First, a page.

Signs and Symptoms of Arrhythmia
There may be no signs or symptoms associated with heart arrhythmias. Your doctor may notice an irregular heartbeat while examining you for another health problem.
Arrhythmias generally manifest as the following signs and symptoms:
- A flutter in the chest
- Heartbeats that race (tachycardia)
- The slowing of the heart rate (bradycardia)
- Pain in the chest
- Breathing problems
The following symptoms may also occur:
- Dizziness or lightheadedness
- Near fainting or fainting (syncope)
Seeing a doctor when necessary
Make an appointment to see Heart Valve Expert if you experience fast or slow heartbeats or if the beat is skipping. Moreover, if you are experiencing shortness of breath, weakness, dizziness, lightheadedness, fainting or near fainting, and chest discomfort or pain, seek medical attention immediately. So, always connected with heart doctor and get information Is Arrhythmia is a Serious Disease?
Ventricular fibrillation is a type of Arrhythmia that causes a drastic drop in blood pressure. It can happen in seconds for a person to collapse, and soon their breath and pulse will cease. When this happens, follow these steps:
- Provide hands-only cardiopulmonary resuscitation (CPR) if no trained personnel are nearby. While you wait for paramedics, apply 100 to 120 compressions a minute, hard and fast, in the center of the chest. It is not necessary to breathe through the mouth.
- If you or anyone nearby knows CPR, begin CPR. Until an electrical shock (defibrillation) can be given, CPR can help maintain blood flow to the organs.
- The nearest automated external defibrillator (AED) should be obtained and followed. A Defibrillator is a portable device that delivers a shock that may restart a heartbeat. The shock is only delivered when it is necessary. Operating an AED does not require any training. Follow the instructions.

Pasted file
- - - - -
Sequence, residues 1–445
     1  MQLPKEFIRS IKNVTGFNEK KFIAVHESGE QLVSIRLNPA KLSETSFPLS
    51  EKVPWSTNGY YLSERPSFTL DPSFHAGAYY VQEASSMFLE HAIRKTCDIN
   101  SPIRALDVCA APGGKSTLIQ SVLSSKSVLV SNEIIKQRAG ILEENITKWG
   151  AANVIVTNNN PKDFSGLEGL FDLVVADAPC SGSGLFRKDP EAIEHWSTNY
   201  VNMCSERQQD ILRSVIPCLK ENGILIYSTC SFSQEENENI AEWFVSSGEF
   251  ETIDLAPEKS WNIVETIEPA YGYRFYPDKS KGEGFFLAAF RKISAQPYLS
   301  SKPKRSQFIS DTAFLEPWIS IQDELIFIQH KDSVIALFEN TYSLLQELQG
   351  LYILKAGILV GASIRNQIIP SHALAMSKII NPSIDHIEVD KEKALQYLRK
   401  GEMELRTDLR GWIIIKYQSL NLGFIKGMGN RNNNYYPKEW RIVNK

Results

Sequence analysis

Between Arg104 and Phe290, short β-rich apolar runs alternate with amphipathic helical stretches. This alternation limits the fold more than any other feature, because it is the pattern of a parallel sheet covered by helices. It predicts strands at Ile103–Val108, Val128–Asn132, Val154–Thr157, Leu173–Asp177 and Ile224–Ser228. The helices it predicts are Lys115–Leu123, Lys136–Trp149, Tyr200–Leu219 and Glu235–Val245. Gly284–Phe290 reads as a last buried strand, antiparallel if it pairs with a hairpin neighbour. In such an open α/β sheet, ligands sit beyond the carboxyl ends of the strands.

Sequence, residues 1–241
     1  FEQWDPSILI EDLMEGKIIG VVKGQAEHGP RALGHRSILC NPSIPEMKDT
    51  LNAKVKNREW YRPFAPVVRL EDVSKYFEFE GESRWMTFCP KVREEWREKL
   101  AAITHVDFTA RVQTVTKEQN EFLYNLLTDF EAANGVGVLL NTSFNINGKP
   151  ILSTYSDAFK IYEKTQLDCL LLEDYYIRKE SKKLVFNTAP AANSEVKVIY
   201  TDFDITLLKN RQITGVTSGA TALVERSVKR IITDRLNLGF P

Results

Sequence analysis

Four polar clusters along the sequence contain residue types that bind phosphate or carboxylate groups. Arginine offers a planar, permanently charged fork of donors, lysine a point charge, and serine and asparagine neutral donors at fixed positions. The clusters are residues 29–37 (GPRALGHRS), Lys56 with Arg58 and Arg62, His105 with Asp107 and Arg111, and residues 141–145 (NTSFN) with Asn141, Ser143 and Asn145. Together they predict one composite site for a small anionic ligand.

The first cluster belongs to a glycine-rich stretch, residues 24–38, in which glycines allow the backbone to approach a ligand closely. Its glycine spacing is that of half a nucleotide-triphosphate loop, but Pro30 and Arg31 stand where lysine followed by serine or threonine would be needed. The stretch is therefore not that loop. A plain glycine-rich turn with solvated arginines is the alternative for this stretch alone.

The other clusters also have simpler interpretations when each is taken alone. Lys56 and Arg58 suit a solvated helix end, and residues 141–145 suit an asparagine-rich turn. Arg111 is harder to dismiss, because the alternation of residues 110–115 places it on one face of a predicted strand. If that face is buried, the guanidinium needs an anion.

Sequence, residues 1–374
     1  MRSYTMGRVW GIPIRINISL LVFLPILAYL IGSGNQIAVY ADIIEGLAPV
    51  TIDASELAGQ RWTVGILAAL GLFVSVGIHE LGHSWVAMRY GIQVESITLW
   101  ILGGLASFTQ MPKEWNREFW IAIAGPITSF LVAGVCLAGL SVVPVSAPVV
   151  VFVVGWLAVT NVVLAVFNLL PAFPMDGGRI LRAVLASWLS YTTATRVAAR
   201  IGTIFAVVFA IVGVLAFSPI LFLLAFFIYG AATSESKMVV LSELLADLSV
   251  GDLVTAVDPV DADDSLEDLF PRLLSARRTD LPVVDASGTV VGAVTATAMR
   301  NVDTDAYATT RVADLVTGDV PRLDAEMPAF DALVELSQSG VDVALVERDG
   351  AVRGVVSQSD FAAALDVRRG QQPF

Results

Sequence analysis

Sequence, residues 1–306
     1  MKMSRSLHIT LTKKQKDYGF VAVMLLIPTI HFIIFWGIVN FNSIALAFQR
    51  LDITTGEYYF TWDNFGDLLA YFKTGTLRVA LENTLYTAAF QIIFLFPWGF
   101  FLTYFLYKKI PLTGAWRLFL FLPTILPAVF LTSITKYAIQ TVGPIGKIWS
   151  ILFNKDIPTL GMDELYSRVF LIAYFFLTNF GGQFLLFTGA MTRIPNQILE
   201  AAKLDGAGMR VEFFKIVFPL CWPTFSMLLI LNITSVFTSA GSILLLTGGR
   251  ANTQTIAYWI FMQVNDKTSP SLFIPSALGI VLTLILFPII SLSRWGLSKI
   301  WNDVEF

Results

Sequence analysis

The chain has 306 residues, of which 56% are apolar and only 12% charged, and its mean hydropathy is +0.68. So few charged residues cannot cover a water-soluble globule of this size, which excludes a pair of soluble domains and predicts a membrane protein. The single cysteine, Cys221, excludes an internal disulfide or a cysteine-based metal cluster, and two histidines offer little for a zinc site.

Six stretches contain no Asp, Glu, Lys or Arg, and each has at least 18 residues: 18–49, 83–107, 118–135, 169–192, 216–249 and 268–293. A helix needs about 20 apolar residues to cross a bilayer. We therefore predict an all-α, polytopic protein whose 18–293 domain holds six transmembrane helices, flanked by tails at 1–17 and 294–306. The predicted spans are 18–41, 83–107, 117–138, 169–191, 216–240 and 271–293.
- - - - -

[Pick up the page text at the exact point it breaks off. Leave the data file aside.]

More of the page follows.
What causes the heart to beat?
However, four chambers make up the human heart – two upper chambers, or atria, and two lower chambers, or ventricles. In the right upper chamber (atrium), a natural pacemaker controls the heartbeat. Electrical signals from the sinus node trigger the heartbeat. Moreover, as a result of these electrical signals moving across the atria, the heart’s muscles contract, causing blood to flow into the ventricles. Is Arrhythmia is a Serious Disease?
Electrical signals stimulate the ventricles, which contract and pump blood away from the body to the lungs or other parts. In turn, the blood fills the ventricles. In the AV node, the signals slow down after reaching a cluster of cells. Signs of a Healthy Heart and How to Improve your Heart Health
Heart signaling usually proceeds smoothly in healthy hearts, resulting in an average resting heart rate of 60 to 100 beats a minute. So, arrhythmias can be caused by a variety of factors, including:
- The current or previous scars of a heart attack
- Coronary artery disease (coronary artery blockage)
- A condition where the heart’s structure is altered, such as cardiomyopathy
- Their blood pressure is high.
- An infection with COVID-19
- Hyperthyroidism (hyperthyroidism)
- Snoring or sleep apnea
- Hypothyroidism (underactive thyroid gland)
- Medications without a prescription, including cold and allergy medications
- Caffeine or alcohol consumption that is too high
- Addiction to drugs
- Anxiety or stress
Several factors can increase the risk of heart arrhythmias, including: